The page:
Thursday, March 31, 2011
The clash of arms, which shook the Persian state,Quintus Curtius 4.1.19-26 (tr. John Yardley):
Did not disturb the peasant at his toil;
In his small garden-plot more truly great,
Than he who stretched his sceptre o'er its soil.
He wanted naught, but what his hands supplied,
Content with fruits, the bounty of his field;
There would he, in old age, in peace have died;
But worth and greatness could not be concealed!
O'erlooked were many, who would Sidon rule,
Ambitious princes, seeking kingly sway;
Who, trained in arms, had learned from War's proud school,
By fire and sword to win to thrones their way.
The crown and purple robe to him were sent,
Who peaceful lived, with poverty content.
 They could see that many viewed the prospect of such great power with a hopeful eye and from inordinate ambition for the throne were now flattering individual friends of Alexander. They decided, however, that none had a better claim than one Abdalonymus who, though distantly related to the royal family, was now reduced by poverty to tending a market garden in the suburbs, from which he derived a meagre income.
 As often happens, the cause of his reduced circumstances was his honesty, and now he was so preoccupied with his daily work that he failed to hear the clash of arms that had shaken the whole of Asia.
 So these two noblemen came without notice into his garden, which Abdalonymus happened to be clearing of weeds, carrying the robe with its royal insignia.
 They saluted him as king. 'These garments which you see in my hands,' said one of them, 'must now replace those dirty rags of yours. Wash from your body its perpetual coating of mud and earth. You must now assume the disposition of a king and carry your characteristic moderation with you into the estate which you merit. And when you take your seat on the throne with power of life and death over all your citizens, see that you do not forget these circumstances in whichno, indeed, because of whichyou receive your kingdom.'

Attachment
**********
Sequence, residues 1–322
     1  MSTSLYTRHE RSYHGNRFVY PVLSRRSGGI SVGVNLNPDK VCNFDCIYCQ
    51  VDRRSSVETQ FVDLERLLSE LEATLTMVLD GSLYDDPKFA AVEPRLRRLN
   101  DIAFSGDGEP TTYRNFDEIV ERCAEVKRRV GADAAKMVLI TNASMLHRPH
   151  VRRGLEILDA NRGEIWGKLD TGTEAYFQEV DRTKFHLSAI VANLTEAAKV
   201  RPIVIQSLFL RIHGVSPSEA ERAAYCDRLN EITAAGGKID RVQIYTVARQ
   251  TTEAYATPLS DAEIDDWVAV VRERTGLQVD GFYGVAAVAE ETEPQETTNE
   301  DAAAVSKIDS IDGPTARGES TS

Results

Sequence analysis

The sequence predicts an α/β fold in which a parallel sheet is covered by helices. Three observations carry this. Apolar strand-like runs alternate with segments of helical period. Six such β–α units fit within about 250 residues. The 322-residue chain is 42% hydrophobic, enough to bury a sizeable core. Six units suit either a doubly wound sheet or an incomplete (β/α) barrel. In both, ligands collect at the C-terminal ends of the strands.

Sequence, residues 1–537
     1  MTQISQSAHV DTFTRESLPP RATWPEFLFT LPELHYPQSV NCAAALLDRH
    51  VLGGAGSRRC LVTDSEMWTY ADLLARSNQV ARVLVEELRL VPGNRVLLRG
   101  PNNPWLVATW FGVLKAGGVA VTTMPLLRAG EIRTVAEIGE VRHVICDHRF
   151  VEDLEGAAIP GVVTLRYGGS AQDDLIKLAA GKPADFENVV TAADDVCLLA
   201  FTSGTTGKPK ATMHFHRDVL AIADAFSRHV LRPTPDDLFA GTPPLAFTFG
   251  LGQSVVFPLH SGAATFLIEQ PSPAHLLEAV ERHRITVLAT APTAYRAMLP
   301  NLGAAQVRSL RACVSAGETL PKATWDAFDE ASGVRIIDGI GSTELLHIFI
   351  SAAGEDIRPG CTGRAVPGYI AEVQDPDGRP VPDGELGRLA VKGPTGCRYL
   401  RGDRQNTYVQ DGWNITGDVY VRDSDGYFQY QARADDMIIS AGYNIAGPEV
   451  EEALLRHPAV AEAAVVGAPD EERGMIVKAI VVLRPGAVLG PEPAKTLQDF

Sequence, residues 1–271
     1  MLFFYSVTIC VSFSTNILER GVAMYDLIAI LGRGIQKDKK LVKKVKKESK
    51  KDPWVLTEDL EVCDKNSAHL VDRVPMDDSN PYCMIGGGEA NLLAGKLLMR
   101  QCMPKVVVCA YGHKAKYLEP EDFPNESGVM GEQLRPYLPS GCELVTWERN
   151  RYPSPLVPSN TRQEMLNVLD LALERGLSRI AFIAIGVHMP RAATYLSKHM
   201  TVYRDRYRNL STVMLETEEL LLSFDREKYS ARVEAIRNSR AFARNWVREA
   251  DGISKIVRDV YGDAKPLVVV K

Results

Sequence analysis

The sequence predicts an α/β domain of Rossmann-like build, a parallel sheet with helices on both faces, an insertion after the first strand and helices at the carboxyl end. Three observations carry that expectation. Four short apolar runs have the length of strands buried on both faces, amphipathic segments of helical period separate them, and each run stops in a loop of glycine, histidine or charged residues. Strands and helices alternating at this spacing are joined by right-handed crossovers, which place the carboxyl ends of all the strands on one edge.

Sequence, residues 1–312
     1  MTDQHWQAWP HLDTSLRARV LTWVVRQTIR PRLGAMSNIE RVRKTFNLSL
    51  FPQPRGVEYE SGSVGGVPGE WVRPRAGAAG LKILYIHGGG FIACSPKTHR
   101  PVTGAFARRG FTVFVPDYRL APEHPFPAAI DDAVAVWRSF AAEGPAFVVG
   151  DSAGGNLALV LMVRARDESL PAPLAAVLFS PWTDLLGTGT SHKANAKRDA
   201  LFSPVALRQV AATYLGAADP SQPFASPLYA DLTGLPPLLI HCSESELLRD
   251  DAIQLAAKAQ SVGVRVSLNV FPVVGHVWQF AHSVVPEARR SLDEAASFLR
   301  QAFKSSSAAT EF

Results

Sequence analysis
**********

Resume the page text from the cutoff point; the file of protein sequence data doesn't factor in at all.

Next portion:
The whole thing was like a dream to Abdalonymus. Several times he asked if they were out of their minds, to mock him so shamelessly; but as he hesitated, the dirt was washed from him, the purple and gold embroidered robe was placed upon him, and he was reassured by their sworn protestations, so that it was in all seriousness that he came as king in their company to the palace.
 Rumour swiftly made its usual sweep of the whole city. Support began to emerge in some quarters, resentment in others, and the rich protested against Abdalonymus' low status and poverty to Alexander's friends.
 The king immediately had him brought before him, looked at him for some time, and then said: 'Your physical characteristics are not at odds with the reports of your ancestry, but I want to know how well you endured poverty.' 'Oh that I may be able to bear royal authority with the same equanimity!' answered Abdalonymus. 'These hands of mine satisfied my needs. I had nothing, but lacked nothing.'
 From what Abdalonymus said, Alexander gained an impression of a noble character. Accordingly he not only had Strato's royal appurtenances assigned to him but a large part of the Persian spoils as well, and he also added to his control the area adjoining the city.
The Legates of Alexander the Great
Investing the Gardener Abdalonymus with the
Insignia of the Kingship of Sidon